The White House doesn’t have the same control over the EPA, which is an independent agency, but Greene says that from what he saw, the agency tried to collaborate with the water sector.
The NSC did not respond to a request for comment about the EPA lawsuit and its possible effects on the administration’s agenda. The EPA declined to comment because the litigation is pending.
A Legal Fight on Multiple Fronts
The Republican attorneys general challenging the EPA directive make several claims. They say the agency failed to follow the proper procedure for issuing a regulation. They allege that the EPA exceeded its authority under the Safe Drinking Water Act and subsequent legislation. And they argue that, by requiring state water regulators to fold cybersecurity into their inspections, the federal government is usurping states’ sovereign authority to regulate water facilities and unconstitutionally burdening them with new work.
Michael Blumenthal, an environmental regulation lawyer at McGlinchey Stafford, says the EPA did appear to have violated the Administrative Procedure Act by issuing its directive to states as a reinterpretation of existing guidance about states’ responsibilities to conduct “sanitary surveys” of water facilities, thus sidestepping the public comment process.
Peggy Otum, a partner at WilmerHale who leads the law firm’s environment practice, says the state-sovereignty argument reflects a broader debate about how much the federal government—and the EPA in particular—can burden states with new mandates. “‘Who’s gonna pay for it?’ is the main question,” Otum says.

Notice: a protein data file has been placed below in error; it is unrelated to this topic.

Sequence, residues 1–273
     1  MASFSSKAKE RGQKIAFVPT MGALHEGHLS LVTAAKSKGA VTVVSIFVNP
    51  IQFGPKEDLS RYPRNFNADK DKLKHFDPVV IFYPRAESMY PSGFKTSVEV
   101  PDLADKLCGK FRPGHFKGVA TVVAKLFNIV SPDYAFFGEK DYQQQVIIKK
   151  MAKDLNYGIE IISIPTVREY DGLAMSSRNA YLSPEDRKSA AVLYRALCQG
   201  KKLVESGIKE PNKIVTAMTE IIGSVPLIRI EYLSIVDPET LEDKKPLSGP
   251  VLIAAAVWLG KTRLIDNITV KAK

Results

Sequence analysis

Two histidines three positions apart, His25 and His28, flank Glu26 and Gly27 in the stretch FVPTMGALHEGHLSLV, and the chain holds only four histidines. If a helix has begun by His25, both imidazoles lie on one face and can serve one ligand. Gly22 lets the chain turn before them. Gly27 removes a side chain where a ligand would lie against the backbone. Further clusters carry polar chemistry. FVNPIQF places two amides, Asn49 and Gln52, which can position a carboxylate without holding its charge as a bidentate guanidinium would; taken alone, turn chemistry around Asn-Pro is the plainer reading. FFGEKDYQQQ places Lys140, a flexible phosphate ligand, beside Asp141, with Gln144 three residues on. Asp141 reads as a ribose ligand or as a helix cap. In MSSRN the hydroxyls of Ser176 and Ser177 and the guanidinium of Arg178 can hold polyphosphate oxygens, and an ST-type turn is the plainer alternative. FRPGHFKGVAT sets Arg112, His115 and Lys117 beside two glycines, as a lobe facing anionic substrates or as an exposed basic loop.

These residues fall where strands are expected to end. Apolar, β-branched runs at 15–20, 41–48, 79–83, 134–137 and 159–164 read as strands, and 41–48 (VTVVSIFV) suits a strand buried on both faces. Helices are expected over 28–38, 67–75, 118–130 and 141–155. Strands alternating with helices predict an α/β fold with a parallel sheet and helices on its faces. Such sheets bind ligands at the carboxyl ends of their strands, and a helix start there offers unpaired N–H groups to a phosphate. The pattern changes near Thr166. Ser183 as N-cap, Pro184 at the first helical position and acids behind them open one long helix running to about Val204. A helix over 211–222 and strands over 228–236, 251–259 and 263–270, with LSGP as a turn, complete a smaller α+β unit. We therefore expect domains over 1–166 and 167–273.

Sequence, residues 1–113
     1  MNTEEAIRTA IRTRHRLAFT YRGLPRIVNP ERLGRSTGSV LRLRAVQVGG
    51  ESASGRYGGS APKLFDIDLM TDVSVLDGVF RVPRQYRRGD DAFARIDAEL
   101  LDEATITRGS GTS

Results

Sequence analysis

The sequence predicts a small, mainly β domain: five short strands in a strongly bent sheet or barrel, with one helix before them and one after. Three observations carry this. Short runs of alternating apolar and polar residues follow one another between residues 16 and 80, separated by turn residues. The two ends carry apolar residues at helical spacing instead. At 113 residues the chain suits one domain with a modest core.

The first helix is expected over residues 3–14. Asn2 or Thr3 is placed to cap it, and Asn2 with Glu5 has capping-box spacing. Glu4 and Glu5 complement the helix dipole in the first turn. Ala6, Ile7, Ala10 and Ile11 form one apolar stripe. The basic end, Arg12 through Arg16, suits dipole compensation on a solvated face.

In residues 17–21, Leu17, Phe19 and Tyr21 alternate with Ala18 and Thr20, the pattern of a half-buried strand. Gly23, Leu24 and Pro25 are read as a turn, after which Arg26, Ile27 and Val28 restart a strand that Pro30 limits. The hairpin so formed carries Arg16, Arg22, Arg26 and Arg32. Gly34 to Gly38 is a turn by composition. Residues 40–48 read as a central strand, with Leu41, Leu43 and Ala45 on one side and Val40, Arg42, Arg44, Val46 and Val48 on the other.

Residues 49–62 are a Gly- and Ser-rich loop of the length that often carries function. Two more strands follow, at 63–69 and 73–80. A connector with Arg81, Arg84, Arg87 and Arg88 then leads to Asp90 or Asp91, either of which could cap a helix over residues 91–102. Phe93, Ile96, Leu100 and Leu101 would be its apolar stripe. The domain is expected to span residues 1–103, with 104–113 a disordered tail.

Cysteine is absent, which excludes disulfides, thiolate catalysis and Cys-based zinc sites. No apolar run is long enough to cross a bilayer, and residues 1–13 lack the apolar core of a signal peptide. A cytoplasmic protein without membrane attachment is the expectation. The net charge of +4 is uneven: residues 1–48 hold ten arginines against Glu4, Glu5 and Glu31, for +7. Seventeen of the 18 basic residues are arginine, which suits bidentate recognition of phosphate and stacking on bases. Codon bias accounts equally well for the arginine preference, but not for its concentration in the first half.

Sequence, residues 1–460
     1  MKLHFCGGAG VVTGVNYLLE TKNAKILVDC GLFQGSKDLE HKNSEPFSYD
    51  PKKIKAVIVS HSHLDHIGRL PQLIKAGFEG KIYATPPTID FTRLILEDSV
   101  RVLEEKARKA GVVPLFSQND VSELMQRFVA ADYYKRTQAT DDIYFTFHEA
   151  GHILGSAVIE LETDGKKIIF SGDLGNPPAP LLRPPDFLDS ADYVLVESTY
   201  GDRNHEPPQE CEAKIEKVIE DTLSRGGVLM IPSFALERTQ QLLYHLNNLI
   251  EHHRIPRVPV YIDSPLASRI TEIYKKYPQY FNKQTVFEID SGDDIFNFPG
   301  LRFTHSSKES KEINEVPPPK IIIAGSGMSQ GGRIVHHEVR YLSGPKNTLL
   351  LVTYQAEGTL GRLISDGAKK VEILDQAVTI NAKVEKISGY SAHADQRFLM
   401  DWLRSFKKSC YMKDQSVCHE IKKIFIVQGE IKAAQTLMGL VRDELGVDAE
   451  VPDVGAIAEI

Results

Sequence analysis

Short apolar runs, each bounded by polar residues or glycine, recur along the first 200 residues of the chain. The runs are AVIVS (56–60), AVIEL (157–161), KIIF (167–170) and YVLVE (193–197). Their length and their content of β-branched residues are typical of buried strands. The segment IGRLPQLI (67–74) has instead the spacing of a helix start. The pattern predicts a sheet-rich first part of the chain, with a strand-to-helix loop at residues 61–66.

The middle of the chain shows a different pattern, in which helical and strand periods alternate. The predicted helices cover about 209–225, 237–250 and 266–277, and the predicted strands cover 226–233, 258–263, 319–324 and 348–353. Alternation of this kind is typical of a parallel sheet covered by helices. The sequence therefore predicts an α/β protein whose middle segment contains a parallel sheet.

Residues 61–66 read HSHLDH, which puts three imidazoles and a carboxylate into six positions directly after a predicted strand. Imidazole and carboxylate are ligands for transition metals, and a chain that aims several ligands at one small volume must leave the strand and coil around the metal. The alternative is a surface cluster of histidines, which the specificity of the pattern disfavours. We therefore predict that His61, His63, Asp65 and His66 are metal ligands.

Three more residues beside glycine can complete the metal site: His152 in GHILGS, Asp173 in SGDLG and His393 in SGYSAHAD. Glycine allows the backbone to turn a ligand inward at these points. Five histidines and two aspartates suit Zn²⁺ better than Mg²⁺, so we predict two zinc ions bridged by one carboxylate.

Greene was skeptical of this argument. The White House is aware of the water sector’s funding issues, he says, but that’s not a good enough reason to refrain from mandating better security.
Open for Interpretation
But the most consequential argument in the case concerns whether the EPA’s regulatory authority for the water sector even extends to cybersecurity. Blumenthal says the Safe Drinking Water Act “does not give them the authority to fold in cybersecurity.”
The EPA derived its authority from newly reinterpreted definitions of key terms in its guidance to states, but Blumenthal says that approach was invalid and would allow mandates that were “never contemplated to begin with.”
Greene argues that laws like the Safe Drinking Water Act, while enacted before cyber threats gained prominence, were clearly intended to let the EPA protect vital resources against all manner of dangers. “It would be an overly literal reading of the intent of these [laws] to say, ‘They didn’t think about cybersecurity, so you can’t cover it,’” Greene says. “That’s like saying, ‘The colonial armies didn’t think about air assets.’”
Courts have historically deferred to agencies in lawsuits over the interpretation of their core statutes, but this principle, known as Chevron deference, “is hanging on by a thread” at the US Supreme Court, Otum says.
“Everyone’s Sniffing Around”
The EPA lawsuit looms large as a potential stumbling block for the Biden administration’s new national cyber strategy, which describes critical infrastructure regulation as a national security imperative. Other regulators “are going to watch this case very closely to see what happens,” Blumenthal says.
The Department of Health and Human Services is working on cyber rules for hospitals, which, like water facilities, are heavily regulated by states. The Federal Communications Commission (FCC) is preparing rules to secure the Emergency Alert System, a critical tool for state and local authorities. And the Federal Trade Commission (FTC) is updating its security regulations and sharpening its oversight of data breach disclosures.